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A House's Survival

by Nadia Farjami

my mother flosses

a photograph out of

her scrapbook’s

yellow teeth—

it’s her home in iran, 

an apartment with 

a barren body and 

chipping skin 


my mother lived in

a home where 

hazel hands

huddled under

the oozing light of an oil lamp, 

in a home where 

scarlet slivers of 

saffron snuck into

every floorboard,

in a home who survived a



she tells me 

about the war, 

about how her 

city became 

sour air and

sneaker soles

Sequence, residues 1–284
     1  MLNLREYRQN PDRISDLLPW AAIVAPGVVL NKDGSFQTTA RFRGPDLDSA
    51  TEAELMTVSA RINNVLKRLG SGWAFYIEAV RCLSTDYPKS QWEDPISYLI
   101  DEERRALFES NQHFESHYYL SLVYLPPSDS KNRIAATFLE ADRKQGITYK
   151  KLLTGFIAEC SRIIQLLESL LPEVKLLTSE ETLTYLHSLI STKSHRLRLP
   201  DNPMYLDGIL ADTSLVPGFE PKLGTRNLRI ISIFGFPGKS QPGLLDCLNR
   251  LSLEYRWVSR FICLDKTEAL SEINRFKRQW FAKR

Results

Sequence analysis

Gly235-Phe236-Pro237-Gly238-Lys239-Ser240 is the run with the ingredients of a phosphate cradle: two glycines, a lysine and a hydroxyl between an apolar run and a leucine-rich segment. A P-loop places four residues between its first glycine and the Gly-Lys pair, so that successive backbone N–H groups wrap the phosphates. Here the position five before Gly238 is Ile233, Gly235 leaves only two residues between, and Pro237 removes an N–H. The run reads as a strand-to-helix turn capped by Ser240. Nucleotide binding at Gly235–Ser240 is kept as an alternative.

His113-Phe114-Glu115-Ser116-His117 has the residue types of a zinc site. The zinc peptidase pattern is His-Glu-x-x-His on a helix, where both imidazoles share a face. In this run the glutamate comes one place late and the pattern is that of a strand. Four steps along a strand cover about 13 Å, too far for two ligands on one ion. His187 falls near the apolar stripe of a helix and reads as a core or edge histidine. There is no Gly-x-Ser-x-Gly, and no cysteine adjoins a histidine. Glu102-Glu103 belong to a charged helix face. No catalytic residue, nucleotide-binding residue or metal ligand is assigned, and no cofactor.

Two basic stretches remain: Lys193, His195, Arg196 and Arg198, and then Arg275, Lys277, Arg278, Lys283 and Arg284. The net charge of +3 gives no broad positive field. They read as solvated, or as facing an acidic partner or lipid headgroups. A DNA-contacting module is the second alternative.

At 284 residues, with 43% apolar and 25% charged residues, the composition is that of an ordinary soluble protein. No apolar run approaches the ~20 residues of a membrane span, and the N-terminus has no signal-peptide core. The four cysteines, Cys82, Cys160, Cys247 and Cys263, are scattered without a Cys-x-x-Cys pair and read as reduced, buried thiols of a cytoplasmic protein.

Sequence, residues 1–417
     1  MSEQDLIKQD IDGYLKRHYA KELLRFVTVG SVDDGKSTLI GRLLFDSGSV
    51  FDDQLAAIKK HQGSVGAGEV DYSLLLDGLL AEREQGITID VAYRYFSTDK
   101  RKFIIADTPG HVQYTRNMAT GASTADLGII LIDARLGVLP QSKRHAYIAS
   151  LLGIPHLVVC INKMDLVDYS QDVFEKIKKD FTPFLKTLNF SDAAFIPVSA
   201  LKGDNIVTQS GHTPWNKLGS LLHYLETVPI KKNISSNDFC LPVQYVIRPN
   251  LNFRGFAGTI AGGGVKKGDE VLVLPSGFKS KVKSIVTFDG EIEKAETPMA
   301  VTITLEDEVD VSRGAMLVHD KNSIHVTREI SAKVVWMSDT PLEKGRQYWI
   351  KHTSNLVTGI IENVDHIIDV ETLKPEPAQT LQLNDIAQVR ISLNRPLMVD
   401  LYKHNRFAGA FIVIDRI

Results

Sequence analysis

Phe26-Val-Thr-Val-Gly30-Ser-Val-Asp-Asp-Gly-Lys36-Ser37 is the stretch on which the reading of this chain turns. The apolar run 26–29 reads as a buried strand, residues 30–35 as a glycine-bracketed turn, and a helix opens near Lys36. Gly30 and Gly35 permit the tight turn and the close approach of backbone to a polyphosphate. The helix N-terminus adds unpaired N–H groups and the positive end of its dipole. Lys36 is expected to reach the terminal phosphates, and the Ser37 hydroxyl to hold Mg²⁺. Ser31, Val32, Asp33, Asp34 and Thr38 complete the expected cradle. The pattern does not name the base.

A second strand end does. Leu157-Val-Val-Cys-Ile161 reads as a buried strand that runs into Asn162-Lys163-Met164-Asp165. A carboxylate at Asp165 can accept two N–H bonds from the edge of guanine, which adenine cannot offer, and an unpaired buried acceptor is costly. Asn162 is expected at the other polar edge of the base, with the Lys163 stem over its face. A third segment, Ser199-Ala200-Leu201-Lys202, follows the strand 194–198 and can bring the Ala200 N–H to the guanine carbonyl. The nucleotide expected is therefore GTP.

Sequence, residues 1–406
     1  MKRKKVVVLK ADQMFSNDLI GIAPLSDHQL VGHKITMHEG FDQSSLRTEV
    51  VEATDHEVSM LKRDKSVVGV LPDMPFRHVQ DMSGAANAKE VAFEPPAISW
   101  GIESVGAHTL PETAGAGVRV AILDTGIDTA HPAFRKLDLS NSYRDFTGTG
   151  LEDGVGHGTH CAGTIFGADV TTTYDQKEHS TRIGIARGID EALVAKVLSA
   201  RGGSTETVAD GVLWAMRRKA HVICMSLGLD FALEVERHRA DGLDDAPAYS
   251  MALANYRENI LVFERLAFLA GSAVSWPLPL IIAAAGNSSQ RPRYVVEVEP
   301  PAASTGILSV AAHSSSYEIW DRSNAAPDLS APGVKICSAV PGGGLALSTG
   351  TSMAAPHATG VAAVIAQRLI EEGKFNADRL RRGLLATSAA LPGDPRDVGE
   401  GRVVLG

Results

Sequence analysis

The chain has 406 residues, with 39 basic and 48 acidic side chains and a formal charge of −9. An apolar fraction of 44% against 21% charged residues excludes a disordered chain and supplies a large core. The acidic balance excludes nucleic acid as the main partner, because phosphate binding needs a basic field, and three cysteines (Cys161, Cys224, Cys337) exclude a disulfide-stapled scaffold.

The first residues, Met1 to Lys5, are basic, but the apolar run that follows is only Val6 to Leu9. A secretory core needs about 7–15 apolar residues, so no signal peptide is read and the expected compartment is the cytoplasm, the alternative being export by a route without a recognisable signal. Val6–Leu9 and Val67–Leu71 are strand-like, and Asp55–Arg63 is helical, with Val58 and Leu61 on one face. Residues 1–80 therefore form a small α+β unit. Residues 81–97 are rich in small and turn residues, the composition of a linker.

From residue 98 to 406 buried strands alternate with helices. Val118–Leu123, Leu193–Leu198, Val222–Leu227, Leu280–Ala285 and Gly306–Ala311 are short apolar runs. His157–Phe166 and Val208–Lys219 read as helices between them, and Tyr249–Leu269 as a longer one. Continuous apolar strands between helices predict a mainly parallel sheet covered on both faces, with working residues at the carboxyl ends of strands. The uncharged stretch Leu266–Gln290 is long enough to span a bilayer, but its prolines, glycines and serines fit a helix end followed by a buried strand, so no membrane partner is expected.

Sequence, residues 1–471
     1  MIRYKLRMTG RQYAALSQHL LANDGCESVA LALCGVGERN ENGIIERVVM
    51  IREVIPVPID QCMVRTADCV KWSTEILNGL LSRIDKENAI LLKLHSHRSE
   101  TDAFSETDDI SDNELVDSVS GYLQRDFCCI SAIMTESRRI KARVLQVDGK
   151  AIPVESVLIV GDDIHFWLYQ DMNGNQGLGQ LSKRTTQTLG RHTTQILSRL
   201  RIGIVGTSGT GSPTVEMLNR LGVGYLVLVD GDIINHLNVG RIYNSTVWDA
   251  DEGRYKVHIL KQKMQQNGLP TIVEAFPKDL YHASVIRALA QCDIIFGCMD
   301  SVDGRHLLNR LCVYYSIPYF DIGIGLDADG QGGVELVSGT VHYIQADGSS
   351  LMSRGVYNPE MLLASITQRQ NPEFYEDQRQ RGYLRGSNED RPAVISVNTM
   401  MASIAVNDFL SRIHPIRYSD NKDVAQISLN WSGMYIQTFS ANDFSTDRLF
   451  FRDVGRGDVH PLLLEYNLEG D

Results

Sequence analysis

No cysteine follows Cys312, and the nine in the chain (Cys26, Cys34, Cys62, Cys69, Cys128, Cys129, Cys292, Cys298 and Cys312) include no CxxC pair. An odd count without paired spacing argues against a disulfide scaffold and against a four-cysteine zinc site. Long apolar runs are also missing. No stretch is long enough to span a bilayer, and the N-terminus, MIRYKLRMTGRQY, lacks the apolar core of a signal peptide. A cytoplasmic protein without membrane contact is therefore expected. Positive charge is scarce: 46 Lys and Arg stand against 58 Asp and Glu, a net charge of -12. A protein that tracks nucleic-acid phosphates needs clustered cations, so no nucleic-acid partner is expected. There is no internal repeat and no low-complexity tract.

she tells me 

that in the narrow alleys of 

shiraz neighborhood, 


unfurled, became 

restless ghosts, took  

wind by the hand 


i realize that 

my mother

speaks farsi

in color:

in photographs

coated in elegies 


i realize that even though  

the arches of my feet have

never sizzled on bloodied turf, 

i still want to try to

speak farsi in color, 

want to try to feel

iran’s breath 

whistle in chasms 

between my bones 

About the Author

Nadia Farjami is a poet and high school student from Southern California. Her work has been recognized by The New York Times, The Scholastic Art & Writing Awards, Polyphony LIT, The Youth Poet Laureate Competition, Hollins University, Marmalade Magazine, and more.

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